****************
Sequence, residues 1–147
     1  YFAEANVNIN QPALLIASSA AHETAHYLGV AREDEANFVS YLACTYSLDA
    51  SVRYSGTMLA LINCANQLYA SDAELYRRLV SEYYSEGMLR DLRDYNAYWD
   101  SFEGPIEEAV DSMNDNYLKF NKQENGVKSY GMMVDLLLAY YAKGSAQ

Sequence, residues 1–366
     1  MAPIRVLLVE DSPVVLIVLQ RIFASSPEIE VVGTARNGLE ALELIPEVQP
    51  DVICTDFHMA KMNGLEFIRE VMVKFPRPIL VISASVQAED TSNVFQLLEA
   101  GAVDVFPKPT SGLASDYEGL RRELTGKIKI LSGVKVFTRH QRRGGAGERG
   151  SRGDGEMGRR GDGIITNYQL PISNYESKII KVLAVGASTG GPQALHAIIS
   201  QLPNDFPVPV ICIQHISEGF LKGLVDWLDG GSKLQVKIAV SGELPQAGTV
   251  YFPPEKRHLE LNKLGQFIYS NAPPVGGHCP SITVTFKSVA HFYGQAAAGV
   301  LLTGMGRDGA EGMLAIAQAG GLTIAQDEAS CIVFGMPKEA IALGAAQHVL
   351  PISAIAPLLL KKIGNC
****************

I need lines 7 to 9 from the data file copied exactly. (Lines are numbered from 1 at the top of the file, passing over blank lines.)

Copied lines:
    51  DVICTDFHMA KMNGLEFIRE VMVKFPRPIL VISASVQAED TSNVFQLLEA
   101  GAVDVFPKPT SGLASDYEGL RRELTGKIKI LSGVKVFTRH QRRGGAGERG
   151  SRGDGEMGRR GDGIITNYQL PISNYESKII KVLAVGASTG GPQALHAIIS